The Final Die Bibliomusik of the 2014-2015 Season
What an event! With rain keeping the participants and their weather-sensitive pieces of equipment in the Performing Arts Center, the last Die Bibliomusik ended in spectacular fashion.
The concert seated a variety of active students and faculty in the PAC Art Gallery, all ready to enjoy the slightly extended concert program to accommodate a large number of interested performers. Aside from one composer on the program list, every contribution to the concert was made by a student composer. A variety of instrumentations and the occasional incorporation of electronics showed new attendees the fearlessness in what is allowed to be presented. These concerts invite the audience into a workshop, with different musical inventors welcoming the critique of their projects.
A great new addition to the collective of musicians involved in the concert series were the Bassment Brass Boys, including Nikolaus Schroeder (composer, euphonium), Julia Bovee (euphonium), Lukas Schroeder (tuba), and Matt Langlois (tuba). These players performed a piece by John Stevens (b. 1951) entitled Moondance. The piece made very effective use of these low brass instruments’ ranges while also including jazz harmonies, something rarely seen for an instrument arrangement of this type. A great inclusion of a living composer’s works and a fine display of a strong brass ensemble!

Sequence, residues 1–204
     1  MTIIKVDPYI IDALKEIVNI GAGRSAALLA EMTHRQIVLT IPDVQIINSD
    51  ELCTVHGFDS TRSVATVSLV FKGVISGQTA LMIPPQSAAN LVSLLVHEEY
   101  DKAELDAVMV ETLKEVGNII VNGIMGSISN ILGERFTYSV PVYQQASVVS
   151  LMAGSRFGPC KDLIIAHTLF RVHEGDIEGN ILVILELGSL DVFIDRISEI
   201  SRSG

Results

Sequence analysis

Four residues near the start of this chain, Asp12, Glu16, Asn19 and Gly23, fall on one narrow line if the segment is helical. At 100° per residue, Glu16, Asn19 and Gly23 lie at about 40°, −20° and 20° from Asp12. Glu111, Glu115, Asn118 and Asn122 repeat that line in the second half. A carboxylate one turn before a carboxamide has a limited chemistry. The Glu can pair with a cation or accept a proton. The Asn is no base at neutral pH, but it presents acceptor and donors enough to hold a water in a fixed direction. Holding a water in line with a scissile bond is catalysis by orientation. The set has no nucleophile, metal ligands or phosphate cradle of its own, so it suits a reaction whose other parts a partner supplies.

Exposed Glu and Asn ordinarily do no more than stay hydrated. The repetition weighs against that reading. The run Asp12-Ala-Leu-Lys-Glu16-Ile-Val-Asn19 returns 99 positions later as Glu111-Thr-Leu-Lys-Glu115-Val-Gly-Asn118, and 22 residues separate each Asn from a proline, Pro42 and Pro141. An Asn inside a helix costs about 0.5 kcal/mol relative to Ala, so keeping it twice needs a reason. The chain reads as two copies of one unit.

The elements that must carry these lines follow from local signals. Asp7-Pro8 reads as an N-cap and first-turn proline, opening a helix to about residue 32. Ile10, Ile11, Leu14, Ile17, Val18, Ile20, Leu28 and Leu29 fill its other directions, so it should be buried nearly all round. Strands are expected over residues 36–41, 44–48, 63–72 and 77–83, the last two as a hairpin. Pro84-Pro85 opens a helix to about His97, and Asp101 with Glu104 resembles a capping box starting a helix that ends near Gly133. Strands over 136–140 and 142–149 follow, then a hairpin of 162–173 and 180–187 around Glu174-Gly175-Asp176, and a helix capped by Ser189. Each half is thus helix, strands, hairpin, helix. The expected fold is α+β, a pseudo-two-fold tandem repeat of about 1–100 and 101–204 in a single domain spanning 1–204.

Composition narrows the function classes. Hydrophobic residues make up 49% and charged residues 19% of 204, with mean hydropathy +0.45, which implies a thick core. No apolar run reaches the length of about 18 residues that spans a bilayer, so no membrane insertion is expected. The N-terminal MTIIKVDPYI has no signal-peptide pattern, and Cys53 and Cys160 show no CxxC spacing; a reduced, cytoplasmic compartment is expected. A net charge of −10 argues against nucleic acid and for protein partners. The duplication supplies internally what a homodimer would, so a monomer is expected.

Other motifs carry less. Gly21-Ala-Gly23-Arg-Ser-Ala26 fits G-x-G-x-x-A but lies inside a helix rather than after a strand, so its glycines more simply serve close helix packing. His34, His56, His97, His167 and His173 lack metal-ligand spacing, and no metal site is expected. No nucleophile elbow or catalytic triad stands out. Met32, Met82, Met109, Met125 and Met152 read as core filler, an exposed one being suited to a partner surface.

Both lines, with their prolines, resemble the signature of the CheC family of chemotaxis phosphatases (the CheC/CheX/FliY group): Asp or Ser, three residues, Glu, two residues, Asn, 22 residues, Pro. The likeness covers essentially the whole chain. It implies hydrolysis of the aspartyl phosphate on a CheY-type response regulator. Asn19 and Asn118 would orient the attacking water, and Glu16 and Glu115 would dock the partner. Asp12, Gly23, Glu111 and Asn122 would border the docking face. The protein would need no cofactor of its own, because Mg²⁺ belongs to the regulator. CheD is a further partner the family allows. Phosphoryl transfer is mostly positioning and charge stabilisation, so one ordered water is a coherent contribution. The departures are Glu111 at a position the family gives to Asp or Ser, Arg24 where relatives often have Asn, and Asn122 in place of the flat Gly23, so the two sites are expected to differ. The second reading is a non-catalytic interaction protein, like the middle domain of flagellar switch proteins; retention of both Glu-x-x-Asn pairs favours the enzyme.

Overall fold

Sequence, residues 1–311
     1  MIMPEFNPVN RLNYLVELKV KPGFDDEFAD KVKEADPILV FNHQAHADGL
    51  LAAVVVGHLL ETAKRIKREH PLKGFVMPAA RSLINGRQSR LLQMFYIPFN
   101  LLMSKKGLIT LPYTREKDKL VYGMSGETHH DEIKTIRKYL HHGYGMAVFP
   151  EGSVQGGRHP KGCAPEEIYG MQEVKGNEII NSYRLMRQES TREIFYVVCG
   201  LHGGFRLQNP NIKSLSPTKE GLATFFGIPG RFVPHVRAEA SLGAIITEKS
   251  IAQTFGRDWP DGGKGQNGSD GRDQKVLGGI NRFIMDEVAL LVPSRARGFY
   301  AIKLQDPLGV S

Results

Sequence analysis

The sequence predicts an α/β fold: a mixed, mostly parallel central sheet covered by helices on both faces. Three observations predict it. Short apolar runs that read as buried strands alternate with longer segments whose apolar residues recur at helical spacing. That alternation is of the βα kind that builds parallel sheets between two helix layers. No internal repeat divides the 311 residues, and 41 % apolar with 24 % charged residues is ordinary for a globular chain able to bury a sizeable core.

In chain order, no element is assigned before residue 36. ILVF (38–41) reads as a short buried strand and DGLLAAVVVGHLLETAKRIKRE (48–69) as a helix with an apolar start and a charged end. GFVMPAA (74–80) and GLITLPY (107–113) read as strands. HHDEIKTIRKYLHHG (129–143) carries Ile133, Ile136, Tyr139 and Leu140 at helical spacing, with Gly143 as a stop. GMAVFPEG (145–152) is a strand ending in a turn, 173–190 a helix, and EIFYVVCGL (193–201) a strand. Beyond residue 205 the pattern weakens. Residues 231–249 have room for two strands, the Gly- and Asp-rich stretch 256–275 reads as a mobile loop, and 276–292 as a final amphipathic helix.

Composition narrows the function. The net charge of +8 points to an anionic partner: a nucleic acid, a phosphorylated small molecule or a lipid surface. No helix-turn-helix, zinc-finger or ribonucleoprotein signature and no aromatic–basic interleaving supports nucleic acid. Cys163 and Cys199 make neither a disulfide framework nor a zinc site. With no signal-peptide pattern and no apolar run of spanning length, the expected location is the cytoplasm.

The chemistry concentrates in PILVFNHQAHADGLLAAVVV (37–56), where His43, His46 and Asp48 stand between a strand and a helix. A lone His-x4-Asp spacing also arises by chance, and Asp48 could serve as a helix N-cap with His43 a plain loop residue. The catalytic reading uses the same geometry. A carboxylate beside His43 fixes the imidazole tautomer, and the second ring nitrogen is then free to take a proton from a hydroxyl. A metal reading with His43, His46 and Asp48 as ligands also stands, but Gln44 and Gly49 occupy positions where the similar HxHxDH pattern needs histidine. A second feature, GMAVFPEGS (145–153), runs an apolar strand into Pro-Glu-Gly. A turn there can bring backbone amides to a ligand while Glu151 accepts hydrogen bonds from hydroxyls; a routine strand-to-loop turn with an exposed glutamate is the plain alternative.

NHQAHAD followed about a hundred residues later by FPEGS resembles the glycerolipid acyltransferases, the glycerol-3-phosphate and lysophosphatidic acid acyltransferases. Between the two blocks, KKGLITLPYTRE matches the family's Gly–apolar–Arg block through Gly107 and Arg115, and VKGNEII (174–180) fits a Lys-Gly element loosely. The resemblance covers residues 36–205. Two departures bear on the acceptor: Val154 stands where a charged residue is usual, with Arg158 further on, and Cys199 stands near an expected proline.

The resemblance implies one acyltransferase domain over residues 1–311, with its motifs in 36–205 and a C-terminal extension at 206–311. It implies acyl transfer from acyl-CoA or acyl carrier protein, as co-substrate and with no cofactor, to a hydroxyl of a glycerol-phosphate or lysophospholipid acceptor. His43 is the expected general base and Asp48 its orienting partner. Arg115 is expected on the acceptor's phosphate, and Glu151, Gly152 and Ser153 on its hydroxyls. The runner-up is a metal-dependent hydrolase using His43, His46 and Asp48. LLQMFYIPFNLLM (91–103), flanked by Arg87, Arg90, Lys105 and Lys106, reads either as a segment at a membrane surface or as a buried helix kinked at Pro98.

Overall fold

The bulk of the program included works by frequent contributors, including Matthew Finch, Richie Arndorfer, Ashlee Busch, and John Jansen. Each composer brought a new arrangement of a previous work, brand new works, or returning works that have been performed on different concert programs. John Jansen, running sound the entire concert, used the PA setup to play his ambient electronic piece entitled Cloudy Day on a Grassy Hilltop, where he used elements of an electric guitar, electric razer, his voice, and specific electronic process to create a sonic depiction of his home on a cloudy day. Richie Arndorfer included Ultraviolet, a piece performed by Arndorfer (oboe), Amy Zuidema (clarinet), Jenna Michael (violin), Nate Bliton (viola), Baily Groendyke (vibraphone). This movement of three capturing different aspects of light also has been arranged for solo piano, a work titled We Sat Around in a Torpid State. Arndorfer also premiered a duet for oboe and clarinet called Disassembly Required, where Arndorfer and Zuidema had to perform a variety of noise combinations and textures while slowly disassembling their instruments with each new section. This created a fun visual for the audience as the performer constraints became even more limiting, yet defying expectations of what the listener assumes is only capable of each instrument.